Shovel, you make great points. Well, you ALL do. I really do need to be reminded how new I am. It does help me keep perspective. It's easy to loose that focus when you read race reports from folks like you on here - where you talk about the chess game that goes on in the race, and everything that goes with that - and then find out just how hard it is to be able to play that game. It's complex, deep, and the requirements to be good at it are more than just physical ability. I so want to be able to get to that level, but it's a moving target. Sure, it's hard in the women's ranks, but it's what and all there is for me, and I'm willing (more than) to keep going.
Ride. The. Bike. Yes. I totally get that. :)
Sara's 2014 Road Season. A Season of Change.
Road racing is now over for me for the 2014 season. I toyed with the idea of putting into writing, on the internet for all to see, what this past season was for me. "Season of Change" is metaphorical, but it sums up in a very succinct way what I have experienced since I pinned on a number for the first time back in January.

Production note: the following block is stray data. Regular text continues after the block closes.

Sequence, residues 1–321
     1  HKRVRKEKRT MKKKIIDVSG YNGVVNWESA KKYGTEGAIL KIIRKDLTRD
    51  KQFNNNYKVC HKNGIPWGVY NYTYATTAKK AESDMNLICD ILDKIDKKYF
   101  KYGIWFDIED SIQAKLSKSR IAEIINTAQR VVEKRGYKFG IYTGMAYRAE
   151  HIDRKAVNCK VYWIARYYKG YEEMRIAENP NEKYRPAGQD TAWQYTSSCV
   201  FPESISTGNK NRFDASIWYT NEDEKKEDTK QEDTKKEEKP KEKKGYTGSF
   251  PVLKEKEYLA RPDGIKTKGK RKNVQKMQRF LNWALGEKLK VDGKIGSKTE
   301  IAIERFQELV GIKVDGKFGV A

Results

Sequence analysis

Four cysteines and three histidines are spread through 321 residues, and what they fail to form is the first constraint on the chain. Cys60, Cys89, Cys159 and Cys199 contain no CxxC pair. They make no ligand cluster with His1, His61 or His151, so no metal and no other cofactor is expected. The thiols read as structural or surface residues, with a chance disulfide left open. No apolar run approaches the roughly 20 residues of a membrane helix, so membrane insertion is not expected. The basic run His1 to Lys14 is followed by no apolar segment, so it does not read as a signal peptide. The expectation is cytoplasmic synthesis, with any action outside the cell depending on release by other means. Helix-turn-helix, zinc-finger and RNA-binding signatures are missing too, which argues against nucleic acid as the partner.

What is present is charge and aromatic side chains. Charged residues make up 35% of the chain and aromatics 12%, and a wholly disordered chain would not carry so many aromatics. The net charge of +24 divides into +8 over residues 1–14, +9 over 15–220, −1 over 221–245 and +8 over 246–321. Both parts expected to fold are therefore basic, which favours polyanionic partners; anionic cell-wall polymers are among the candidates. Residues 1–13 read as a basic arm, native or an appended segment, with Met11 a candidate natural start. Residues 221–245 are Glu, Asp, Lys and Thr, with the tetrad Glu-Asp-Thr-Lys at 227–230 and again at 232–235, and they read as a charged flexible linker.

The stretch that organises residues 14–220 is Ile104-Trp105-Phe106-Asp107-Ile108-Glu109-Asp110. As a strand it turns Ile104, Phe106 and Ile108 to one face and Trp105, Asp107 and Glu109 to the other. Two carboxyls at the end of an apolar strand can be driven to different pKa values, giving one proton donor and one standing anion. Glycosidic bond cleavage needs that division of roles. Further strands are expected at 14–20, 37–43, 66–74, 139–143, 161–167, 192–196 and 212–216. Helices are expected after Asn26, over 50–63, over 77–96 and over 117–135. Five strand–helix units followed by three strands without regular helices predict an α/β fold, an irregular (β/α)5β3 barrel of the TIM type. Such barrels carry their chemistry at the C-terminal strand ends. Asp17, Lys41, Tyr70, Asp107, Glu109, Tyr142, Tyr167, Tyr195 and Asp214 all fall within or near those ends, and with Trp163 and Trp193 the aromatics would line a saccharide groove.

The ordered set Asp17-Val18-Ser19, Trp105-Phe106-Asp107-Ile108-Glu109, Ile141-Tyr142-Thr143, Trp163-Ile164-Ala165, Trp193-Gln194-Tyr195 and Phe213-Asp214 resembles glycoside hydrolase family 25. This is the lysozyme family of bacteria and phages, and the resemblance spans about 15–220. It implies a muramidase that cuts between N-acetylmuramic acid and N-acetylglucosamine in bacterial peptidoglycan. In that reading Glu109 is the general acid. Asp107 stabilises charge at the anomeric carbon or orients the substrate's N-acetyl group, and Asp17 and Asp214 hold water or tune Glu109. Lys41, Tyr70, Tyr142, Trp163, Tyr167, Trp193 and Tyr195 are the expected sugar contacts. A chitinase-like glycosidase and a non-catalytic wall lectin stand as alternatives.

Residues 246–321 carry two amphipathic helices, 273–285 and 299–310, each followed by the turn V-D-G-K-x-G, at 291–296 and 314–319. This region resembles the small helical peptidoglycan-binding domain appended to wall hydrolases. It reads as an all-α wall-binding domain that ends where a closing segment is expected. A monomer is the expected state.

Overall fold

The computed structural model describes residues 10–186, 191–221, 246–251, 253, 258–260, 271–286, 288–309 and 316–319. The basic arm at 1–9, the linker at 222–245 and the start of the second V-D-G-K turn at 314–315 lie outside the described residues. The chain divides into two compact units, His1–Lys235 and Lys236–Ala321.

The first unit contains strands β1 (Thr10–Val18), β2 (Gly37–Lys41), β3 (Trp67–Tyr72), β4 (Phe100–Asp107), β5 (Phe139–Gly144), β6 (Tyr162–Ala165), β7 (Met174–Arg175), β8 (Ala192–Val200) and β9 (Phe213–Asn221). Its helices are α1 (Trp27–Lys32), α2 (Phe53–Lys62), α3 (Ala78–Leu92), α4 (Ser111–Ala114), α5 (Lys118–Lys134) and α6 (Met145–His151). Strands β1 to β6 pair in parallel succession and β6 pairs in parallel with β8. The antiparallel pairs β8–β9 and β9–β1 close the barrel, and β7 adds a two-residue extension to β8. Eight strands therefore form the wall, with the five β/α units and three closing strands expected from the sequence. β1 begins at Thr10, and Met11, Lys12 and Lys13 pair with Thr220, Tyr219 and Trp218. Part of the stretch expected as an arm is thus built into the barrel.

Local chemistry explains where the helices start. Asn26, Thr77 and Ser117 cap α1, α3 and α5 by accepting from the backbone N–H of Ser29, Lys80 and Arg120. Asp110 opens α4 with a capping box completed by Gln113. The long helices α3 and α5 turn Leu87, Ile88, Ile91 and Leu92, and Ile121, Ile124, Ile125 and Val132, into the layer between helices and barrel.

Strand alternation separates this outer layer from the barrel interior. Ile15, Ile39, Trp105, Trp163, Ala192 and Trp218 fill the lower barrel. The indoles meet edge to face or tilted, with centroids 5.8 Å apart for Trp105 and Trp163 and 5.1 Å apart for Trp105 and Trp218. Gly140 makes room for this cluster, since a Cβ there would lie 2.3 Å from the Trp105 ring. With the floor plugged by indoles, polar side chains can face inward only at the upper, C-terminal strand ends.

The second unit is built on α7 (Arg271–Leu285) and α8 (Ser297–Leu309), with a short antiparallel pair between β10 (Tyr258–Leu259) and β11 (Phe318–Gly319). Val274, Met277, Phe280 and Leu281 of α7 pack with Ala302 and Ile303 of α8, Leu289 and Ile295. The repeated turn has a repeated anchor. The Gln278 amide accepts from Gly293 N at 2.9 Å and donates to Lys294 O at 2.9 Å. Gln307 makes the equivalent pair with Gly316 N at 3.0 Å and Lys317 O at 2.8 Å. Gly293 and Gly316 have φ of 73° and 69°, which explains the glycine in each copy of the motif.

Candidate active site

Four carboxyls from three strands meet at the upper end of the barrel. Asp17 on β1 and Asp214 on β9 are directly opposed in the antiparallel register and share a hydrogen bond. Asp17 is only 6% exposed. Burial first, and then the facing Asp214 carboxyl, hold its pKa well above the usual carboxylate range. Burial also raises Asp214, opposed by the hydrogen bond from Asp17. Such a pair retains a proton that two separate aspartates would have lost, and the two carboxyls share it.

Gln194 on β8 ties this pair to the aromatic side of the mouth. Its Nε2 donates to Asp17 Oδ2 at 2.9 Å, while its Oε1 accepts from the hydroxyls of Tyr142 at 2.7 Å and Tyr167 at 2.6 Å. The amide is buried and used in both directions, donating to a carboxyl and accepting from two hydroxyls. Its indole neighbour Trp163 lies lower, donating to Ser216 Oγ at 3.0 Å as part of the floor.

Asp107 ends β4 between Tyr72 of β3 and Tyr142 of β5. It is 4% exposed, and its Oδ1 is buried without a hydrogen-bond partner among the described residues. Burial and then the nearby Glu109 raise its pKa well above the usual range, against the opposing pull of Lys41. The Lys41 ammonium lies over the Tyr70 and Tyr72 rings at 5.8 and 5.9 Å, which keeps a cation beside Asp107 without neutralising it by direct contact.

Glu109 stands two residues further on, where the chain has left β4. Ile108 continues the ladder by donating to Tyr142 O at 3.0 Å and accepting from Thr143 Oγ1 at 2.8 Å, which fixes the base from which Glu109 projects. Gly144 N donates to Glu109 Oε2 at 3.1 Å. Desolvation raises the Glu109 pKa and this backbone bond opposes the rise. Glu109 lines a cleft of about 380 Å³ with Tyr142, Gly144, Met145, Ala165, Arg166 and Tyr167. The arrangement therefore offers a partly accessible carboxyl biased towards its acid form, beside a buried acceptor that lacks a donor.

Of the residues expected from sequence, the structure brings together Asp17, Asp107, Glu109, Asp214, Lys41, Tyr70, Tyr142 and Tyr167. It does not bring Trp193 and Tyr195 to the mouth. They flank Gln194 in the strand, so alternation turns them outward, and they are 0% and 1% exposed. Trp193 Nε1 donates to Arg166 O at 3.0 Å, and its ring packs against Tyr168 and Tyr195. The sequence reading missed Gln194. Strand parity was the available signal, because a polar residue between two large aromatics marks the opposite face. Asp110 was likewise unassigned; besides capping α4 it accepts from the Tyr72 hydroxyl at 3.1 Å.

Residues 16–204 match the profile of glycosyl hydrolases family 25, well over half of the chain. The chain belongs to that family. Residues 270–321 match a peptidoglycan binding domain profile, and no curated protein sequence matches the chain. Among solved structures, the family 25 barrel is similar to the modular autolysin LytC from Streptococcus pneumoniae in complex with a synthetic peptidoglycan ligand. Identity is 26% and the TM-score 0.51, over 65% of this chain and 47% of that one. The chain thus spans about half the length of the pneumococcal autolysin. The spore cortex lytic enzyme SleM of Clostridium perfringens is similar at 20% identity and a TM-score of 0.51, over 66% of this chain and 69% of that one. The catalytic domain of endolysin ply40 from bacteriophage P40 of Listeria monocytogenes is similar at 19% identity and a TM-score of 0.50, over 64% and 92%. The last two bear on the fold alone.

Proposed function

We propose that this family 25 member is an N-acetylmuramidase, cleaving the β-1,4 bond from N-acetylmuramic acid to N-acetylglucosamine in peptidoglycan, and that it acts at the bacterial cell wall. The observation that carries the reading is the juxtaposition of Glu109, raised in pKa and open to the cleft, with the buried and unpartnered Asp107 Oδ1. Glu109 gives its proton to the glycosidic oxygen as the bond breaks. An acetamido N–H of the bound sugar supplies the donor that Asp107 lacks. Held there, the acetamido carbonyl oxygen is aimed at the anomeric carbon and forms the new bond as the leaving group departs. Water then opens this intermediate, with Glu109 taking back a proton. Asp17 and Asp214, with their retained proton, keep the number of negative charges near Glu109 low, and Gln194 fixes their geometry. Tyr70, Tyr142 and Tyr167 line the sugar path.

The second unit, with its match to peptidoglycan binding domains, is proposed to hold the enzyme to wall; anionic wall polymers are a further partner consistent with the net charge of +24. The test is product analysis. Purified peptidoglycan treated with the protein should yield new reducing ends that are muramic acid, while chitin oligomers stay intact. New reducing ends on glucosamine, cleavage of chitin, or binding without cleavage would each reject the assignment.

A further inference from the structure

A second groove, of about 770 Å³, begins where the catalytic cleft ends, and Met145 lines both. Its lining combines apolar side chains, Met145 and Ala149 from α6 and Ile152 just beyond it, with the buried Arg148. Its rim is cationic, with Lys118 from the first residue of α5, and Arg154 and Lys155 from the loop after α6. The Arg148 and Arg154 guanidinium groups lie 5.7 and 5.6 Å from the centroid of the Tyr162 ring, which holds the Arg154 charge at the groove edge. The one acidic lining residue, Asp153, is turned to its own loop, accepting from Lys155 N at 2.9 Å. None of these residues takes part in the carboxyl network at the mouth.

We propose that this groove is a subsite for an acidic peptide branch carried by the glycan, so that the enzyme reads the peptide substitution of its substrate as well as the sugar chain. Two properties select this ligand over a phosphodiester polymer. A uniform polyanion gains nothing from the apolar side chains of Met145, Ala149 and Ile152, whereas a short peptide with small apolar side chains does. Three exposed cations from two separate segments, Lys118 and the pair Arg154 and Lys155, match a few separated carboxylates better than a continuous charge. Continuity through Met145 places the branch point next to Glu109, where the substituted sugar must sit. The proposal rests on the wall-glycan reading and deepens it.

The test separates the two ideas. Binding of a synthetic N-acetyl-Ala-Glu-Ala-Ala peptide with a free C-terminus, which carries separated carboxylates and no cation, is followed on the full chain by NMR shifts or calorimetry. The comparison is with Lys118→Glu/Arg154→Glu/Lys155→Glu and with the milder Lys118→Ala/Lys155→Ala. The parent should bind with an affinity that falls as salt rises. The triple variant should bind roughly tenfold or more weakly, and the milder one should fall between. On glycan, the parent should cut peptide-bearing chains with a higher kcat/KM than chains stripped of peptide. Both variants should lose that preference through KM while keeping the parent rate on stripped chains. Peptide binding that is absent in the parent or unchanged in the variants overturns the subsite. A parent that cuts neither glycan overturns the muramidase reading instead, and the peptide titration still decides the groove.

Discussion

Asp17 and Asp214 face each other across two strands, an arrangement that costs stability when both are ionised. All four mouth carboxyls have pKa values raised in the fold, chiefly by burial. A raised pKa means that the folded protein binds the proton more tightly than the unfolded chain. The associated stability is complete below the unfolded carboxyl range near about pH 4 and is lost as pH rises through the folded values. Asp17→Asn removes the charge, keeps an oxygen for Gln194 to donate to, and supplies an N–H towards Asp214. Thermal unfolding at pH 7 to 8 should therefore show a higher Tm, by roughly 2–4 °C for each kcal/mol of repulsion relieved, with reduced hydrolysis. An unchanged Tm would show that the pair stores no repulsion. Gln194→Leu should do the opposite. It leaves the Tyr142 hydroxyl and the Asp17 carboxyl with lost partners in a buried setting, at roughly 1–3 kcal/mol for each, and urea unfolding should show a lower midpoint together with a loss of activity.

Change meant "change your riding style". Ex determined that my efforts were too explosive and my self-selected cadence was too low. Adjusting my cadence upwards came fairly quickly, but my explosive, surging nature has been harder to get under control. I still do it to some extent, but I am worlds better than I once was.
Change meant becoming more disciplined. My coach goes through a lot of effort to design my training schedule to benefit me. I had to learn that what he wanted me to do was indeed going to help me, and the adage that "you have to slow down to go fast" was absolutely true. Oh, I have such a hard head sometimes!
Change meant "make your expectations realistic". I have to hit myself in the face with a hammer before I wake up sometimes. It took most of the season, but I finally came to accept that I AM OLD, and that even though I can go as fast as the young women under some circumstances, I cannot race with them for long. That was a hard one to grasp.
Change meant learning that I have physical limitations, and learning to work within them. My LTHR is unusually low. That was a bitter pill to swallow, and it affected me mentally in a very negative way. It took me the better part of the season to get past the notion that I wasn't "less than", I was indeed competitive, I just had to learn how and where.